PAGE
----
Focus group

$1k to $5k
estimated cost of external help
  • Scan and research
  • Prioritise options
  • Consult
0-2 weeks
estimated run time
3-5 weeks
estimated lead time
Confident facilitator
recommended experience
A small-group discussion led by a facilitator. Focus groups are a consultative method that is used to discover preliminary issues that are of concern to a community, or to test ideas and reactions regarding proposed solutions. Additionally, they can help explore concerns that might prevent a proposal from going ahead, or areas that require further research or consultation.

As the group size is small, many focus groups are required to get meaningful or representative results. This technique is best used for fast insights, to be followed up with other methods to improve reach and representation.

In 5 steps...

  1. Establish the purpose of the session with the participants and lay down the ground rules. This might include reminding participants about how their information will be anonymised so that they feel comfortable and ready to begin.
  2. Try to establish a conversation between the participants that relates to your desired research outcomes. Often, the more spontaneous this conversation, the better the results.
  3. Keep track of time, and be ready to gently redirect the conversation when needed to meet outcomes.
  4. Make a note of non-verbal cues in the course of the conversation, in addition to what is being said.
  5. After completion, identify if there are still unanswered questions, or new questions that have been raised, which should be incorporated into further focus groups.

When to use it

Focus groups are most helpful at the beginning and end of a process, with the former focused on quickly getting an understanding of issues and concerns, and the latter supporting the confirmation and/or prioritisation of solutions.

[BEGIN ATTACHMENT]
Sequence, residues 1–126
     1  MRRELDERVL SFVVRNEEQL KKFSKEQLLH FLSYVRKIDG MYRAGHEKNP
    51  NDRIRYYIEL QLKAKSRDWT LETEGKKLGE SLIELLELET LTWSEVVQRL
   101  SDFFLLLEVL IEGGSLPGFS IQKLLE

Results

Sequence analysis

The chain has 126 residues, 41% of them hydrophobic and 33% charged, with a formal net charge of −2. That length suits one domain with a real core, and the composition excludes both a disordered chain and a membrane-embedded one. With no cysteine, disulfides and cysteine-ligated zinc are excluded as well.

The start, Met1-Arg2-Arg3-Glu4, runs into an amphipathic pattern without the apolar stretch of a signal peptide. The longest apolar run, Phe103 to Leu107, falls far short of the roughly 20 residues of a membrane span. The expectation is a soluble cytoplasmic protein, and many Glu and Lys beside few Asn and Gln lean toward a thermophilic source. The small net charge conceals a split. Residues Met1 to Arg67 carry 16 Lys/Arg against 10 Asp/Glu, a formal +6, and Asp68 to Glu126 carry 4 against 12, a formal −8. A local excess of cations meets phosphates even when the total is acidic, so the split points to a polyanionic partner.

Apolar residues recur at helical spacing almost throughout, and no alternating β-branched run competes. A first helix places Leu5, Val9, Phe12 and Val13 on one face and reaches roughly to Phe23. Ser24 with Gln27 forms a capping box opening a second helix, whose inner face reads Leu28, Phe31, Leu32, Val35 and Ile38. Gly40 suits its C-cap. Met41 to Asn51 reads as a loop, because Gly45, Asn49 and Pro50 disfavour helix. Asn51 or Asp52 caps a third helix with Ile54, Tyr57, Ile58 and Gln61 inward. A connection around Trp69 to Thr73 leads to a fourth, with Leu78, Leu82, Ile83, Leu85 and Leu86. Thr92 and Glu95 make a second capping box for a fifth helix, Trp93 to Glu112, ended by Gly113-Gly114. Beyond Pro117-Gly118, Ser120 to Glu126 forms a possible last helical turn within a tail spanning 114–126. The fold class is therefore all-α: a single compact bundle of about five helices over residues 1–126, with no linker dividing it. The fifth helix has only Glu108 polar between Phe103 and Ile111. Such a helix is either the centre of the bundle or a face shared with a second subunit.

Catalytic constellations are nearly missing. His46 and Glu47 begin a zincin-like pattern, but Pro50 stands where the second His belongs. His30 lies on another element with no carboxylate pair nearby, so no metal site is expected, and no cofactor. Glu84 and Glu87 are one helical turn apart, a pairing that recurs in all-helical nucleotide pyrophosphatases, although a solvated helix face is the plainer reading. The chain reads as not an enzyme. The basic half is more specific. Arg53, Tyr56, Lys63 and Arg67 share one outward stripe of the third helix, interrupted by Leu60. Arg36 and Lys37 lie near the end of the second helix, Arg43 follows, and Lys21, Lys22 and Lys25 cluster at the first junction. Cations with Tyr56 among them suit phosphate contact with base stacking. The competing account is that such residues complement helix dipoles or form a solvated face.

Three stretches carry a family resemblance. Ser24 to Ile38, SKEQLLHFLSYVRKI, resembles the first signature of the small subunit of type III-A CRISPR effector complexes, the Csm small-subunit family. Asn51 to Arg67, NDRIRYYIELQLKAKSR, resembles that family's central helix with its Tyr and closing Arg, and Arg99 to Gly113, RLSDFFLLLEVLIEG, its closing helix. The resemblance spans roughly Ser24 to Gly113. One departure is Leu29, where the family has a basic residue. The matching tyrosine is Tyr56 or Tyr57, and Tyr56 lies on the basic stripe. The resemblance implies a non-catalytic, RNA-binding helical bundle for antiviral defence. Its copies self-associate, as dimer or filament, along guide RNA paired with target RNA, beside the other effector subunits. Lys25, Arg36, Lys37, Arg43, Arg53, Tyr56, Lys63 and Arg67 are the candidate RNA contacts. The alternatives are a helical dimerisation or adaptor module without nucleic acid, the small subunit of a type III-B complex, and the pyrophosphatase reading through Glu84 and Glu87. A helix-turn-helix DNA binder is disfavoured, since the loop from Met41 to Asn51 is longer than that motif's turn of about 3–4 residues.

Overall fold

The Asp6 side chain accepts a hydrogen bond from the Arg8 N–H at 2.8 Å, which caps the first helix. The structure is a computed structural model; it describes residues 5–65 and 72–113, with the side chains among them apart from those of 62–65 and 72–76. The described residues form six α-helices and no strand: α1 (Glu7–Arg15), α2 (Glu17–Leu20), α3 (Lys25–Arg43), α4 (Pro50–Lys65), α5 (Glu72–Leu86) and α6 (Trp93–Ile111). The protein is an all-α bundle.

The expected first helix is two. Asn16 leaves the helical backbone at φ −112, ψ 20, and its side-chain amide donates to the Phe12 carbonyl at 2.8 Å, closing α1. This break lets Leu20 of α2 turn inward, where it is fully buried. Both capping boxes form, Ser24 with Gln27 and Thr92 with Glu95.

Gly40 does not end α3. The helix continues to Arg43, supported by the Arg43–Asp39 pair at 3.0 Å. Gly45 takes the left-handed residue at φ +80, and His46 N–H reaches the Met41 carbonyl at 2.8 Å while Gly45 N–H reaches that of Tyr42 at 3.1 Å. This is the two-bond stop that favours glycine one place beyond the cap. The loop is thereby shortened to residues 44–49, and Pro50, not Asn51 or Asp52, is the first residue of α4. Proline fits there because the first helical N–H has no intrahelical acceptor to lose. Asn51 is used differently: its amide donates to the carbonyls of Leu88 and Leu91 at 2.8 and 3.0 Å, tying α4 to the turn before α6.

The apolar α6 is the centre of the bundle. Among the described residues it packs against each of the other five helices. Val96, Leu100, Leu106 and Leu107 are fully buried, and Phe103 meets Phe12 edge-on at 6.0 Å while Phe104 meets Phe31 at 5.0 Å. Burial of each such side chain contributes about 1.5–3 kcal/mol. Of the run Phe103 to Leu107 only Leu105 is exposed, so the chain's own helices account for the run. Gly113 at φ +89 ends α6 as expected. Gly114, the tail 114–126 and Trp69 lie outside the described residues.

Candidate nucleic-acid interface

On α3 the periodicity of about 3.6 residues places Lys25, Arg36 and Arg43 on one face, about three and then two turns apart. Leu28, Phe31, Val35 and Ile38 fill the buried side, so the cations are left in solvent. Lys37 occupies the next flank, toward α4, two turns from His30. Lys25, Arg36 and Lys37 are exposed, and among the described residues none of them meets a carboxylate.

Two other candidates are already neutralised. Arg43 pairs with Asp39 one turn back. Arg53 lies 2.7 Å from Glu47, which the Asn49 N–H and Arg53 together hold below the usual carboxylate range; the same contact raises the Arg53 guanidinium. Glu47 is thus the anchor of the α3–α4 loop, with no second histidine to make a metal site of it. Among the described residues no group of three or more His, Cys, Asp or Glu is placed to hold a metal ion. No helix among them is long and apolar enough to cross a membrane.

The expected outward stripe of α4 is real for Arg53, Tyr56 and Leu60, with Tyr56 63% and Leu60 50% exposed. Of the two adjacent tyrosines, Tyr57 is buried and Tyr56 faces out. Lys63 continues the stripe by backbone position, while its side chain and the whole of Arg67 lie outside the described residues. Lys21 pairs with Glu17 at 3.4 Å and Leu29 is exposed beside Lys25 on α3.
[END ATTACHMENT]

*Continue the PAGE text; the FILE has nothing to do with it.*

• Quick but detailed feedback.
  • Ability to explore the rationale behind initial reactions.
  • Group interaction forces participants to question their reactions, and shows how social norms can influence outcomes.
  • Allows for the in-depth discussion of issues.
Long term
  • Increased understanding of the complexity of local issues.
  • Higher-quality, better-aligned solutions.
  • Better communication involving the public on issues of concern.


  • Power dynamics that naturally occur in groups may contribute to some participants tending to take up more air time and swaying the opinions of others. Watch for this and be ready with a strategy to enable more-equal sharing.
  • There may be a lack of representation. Because of the small group size and the power of groupthink dynamics that occurs, your results will be informative but not necessarily fully reflective of the thoughts of the population as a whole. Focus groups are best used as a quickly accessed source of deep information, rather than as evidence for decision-making.



  • Decide the preferred structure of the focus groups and how many you need to run to achieve your goals.
  • Determine if and how you will compensate participants for their time. Compensation can be an important factor in attracting the harder-to-reach groups.
  • Source the participants – you can use marketing research groups to assist with this, or advertise locally.
  • Arrange a time and location that is appropriate for the group’s make-up. This may mean meeting out of hours and having a location near easy parking or public transportation.
  • Consider any ethical issues. Also, have questions vetted by an external party or advisory committee to ensure that you’re not asking questions that might cause issues, and make sure you have the means of assuring participants that their information will be handled respectfully and safely – particularly if the session is recorded.

During the process

  • Ask participants to be respectful of each other, and to remember that there is no right or wrong answer in this space.
  • Keep the conversation flowing, and try to make sure everyone has an opportunity to speak.
  • Move away from a conversation that is creating conflict if it is not helping to unpack an issue that is critical to your objectives.


  • Follow up by thanking participants for their time and letting them know how they can track the progress of your project.

Also see: